|Plastic Hanging Baskets|
Innovation is intriguing. How does it happen?
The history of innovations is well told by Matt Ridley in "How Innovation Works". He has fascinating stories of how new inventions came into being and increased our standard of living.
He argues that even the light bulb was not a lightning bolt of inspiration. Edison built on all previous knowledge and then trialed and error-ed through 6,000 types of filaments until one worked.
Ridley builds the case that innovative ideas are most likely a rearrangement of previous good ideas. Sometimes ideas were ahead of the technology of machines or materials.
Hanging baskets was such a simple idea. Why didn’t we think to do this before?
Take a pot of flowers and put a hanger on it so it could be hung on your porch.
That word from the movie ‘The Graduate’ was right ---- “Plastics”. The development of plastic pots with flexible hangers saved Spring flower growers by giving them a new income stream.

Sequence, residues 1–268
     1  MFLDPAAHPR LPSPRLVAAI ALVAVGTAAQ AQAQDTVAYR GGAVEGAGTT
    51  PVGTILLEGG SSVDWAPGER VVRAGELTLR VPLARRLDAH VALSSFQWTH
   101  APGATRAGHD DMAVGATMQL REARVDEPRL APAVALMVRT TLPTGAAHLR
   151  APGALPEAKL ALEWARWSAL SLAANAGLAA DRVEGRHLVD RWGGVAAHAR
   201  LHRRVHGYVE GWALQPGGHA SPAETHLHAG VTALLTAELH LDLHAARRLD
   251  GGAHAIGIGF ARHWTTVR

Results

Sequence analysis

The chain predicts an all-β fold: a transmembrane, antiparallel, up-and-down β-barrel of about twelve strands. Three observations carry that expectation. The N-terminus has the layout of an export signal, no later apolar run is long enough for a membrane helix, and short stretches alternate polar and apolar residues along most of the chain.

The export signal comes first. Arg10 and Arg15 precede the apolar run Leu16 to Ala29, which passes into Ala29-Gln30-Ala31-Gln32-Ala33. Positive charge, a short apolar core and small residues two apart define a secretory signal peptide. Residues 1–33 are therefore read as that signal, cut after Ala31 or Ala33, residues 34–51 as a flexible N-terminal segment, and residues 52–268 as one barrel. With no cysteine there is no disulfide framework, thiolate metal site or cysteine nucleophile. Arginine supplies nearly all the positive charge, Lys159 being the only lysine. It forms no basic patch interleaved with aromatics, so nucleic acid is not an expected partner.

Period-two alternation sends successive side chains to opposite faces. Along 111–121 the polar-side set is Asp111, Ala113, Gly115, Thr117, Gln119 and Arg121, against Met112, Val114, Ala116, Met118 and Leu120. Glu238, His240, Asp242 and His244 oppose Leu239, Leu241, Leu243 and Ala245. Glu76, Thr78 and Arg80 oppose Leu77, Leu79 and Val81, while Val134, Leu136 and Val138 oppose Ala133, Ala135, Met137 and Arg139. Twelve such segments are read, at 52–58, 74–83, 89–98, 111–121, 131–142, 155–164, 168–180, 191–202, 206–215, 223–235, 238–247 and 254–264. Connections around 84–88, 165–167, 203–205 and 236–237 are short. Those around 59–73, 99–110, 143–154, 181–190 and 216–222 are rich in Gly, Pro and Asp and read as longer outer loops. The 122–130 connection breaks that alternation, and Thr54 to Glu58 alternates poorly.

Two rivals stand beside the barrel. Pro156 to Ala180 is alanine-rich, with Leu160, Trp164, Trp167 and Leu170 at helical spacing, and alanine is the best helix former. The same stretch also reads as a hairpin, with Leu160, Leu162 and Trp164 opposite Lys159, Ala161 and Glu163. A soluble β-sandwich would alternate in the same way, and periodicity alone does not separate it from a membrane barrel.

Ubiquitous plastic containers replaced all those terra-cotta clay pots and associated broken backs lugging them around.
So, with all these hanging baskets, how can a new size be considered an innovation?
When I saw the little basket at Strange’s Garden Center in Richmond, I knew that this is what I’ve been looking for.
Existing hanging baskets for houseplants are too big and too heavy.
Through some detective work, I found that I could import this 10 cm basket from Holland by way of Canada.
This 4” basket will replace our 4.5” and give indoor gardeners that ‘wittle’ hanging houseplant that they didn’t know they wanted.
That’s how innovation works.